Mary Rose Crew Exposed By Teeth Analysis
A team of researchers in England have analyzed the teeth of eight crewmen recovered from King Henry VIII’s sunken ghost ship, the Mary Rose. Not only have the crew been dubbed a “multicultural” bunch, but the new research has even taken a stab at identifying each of their professions.
The Mary Rose was the famous carrack-type warship of King Henry VIII , known as the pride of the English Tudor navy. Over 33 years, the gallant oceanic war platform fought in several wars against France and Scotland and she was mostly rebuilt in 1536 AD. The Mary Rose served the crown of England for the last time on 19 July 1545 when, after attacking a French invasion fleet during the Battle of the Solent, she sank in the straits to the north of England’s the Isle of Wight.
Bringing the Mary Rose Crew Ghosts Back to Life
A new study by researchers from Cardiff University was recently published in the journal Royal Society Open Science , and it presents a detailed, and fascinating, analysis of the teeth of eight crew members who served on England’s most famous historic English warship. According to the Daily Mail , the conclusions of the new study suggest the favorite ship of King Henry VIII was a “multinational crew” comprising a mixed crew of Europeans and North Africans.
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The remains of the Mary Rose shipwreck, where the Mary Rose crew remains were discovered. (Geni / CC BY-SA 4.0 )
After 437 years lying on the murky-dark in the sea of the south coast of England, in 1982 the remains of the Mary Rose and her 19,000 artifacts were recovered. She is now displayed in Portsmouth Historic Dockyard . Dr. Alexzandra Hildred, from the Mary Rose Trust , said that over the years a number of artifacts recovered from the wreck were found that “were not” manufactured by English craftspeople, a discovery which led archaeologists to consider that perhaps some of the crew were foreign.
As part of the study of the study of the remains of eight members of the Mary Rose crew, researchers have examined their bones to try to reconstruct their biographies. ( Cardiff University )
Mapping the Genetic Origins of Eight Tudor Sea Warriors
The unpredictable result of the ship’s crew having “diverse backgrounds” was arrived at through a technique called multi-isotope analysis, which analyzed the genetic composition of the inner-teeth, and the calculus on their surface of the teeth of eight crew members who perished on the ship in 1545. The study of the crew’s teeth revealed hitherto locked data about their childhood diets, which in turn helped determine their geographical origins.
Three of the eight crew originated from warmer southerly climates, with the other five having come from the west of Britain. Lead author of the new paper, Dr. Jessica Scorrer, concludes that the British navy drafted its crew from “a diverse range of backgrounds” during the Tudor period. What this means, according to the researchers, is an advancement in the “ever-growing body of evidence for diversity in geographic origins, ancestry and lived experiences in Tudor England.”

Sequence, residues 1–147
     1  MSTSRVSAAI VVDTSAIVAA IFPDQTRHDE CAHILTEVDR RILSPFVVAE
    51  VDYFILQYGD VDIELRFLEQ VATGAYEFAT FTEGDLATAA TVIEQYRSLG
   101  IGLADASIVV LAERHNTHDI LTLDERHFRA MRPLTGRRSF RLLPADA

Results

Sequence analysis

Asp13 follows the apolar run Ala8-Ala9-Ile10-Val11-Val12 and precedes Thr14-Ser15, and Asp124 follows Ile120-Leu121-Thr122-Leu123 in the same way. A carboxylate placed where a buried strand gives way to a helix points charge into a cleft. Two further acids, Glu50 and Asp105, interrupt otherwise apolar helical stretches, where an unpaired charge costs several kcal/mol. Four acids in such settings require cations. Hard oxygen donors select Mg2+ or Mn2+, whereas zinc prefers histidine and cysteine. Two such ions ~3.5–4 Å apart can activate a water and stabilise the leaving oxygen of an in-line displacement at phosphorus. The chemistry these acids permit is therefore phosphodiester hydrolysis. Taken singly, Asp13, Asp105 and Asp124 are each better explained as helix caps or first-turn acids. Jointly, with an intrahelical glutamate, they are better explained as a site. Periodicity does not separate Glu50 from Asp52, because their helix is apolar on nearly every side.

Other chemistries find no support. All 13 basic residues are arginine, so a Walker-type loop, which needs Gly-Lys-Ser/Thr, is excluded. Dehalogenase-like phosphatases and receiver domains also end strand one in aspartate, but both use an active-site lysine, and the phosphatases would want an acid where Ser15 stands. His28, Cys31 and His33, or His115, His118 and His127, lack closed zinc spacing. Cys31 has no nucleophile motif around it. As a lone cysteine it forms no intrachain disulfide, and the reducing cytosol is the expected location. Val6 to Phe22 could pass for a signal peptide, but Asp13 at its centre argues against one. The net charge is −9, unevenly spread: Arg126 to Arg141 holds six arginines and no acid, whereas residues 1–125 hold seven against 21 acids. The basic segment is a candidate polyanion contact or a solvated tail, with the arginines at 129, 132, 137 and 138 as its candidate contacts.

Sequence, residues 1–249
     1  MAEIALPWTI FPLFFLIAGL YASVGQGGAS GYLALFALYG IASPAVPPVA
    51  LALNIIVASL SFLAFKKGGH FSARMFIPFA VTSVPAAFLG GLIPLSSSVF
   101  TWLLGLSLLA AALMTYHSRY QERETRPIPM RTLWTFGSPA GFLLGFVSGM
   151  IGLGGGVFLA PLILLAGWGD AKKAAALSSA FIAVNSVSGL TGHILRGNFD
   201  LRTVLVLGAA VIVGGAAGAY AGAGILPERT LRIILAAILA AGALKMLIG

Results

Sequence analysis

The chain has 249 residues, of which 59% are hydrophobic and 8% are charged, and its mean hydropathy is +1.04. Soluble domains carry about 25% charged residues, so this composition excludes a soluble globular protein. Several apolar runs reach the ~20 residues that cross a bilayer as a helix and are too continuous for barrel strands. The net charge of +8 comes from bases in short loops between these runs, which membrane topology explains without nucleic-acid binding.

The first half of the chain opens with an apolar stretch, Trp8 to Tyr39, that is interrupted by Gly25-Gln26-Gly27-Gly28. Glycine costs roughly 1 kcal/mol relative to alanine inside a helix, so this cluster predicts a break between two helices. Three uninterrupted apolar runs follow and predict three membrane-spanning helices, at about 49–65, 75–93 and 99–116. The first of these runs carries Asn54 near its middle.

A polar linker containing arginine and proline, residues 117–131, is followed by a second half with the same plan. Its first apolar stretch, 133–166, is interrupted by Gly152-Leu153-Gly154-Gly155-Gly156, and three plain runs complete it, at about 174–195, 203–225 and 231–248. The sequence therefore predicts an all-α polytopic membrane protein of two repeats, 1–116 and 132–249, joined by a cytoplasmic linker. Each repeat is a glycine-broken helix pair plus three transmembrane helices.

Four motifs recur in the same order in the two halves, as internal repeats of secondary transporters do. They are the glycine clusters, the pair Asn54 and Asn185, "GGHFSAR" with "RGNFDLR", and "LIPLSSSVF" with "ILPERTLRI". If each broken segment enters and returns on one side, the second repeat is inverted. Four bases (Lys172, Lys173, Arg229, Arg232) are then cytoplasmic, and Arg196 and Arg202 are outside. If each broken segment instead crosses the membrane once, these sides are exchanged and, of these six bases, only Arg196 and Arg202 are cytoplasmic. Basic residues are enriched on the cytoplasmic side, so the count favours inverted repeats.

Identifying Tudor Period Trades of the Mary Rose Crew
Co-author of the new study, Dr. Richard Madgwick, explained that by combining the latest scientific methods with insights from artifacts recovered from the ship, they were able to reconstruct the biographies of the eight people from the Tudor period. The “suspected” professional trades associated with each of the eight men were “a cook, a mariner, a Royal Archer, an Archer, a Carpenter, an Officer, a Gentleman and a Purser.”
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It should be added, however, that these professional attributions were not deduced primarily from the study of the teeth, but from the context in which each of the eight Mary Rose crew members were found. The researchers warn that this aspect of the study is “by no means certain as the material could have been displaced” over almost 500 years.
Putting the Mary Rose Crew Study into Context
To put this issue into context, have you ever considered what archaeologists would say about you if they hauled you up after 500 years underwater and analyzed your gnashers? Speaking personally, in my “multi-isotope analysis” results researchers from the future would see fresh potatoes, cabbage and hormone-free beef which would lead the team to conclude that I was brought up in Britain in the 1970s. However, an assistant might knock on the lab door and might say “sir, we just identified a lot of Iron-Bru in the molars,” which would help them determine that I was Scottish! What about you? What would your teeth say about your childhood?
Top image: The Mary Rose depicted on the Anthony Roll of Henry VIII’s Navy (1546), an illustrated inventory of King Henry VIII's navy. The remains of members of the Mary Rose crew have been analyzed in this new study. Source: Public domain
By Ashley Cowie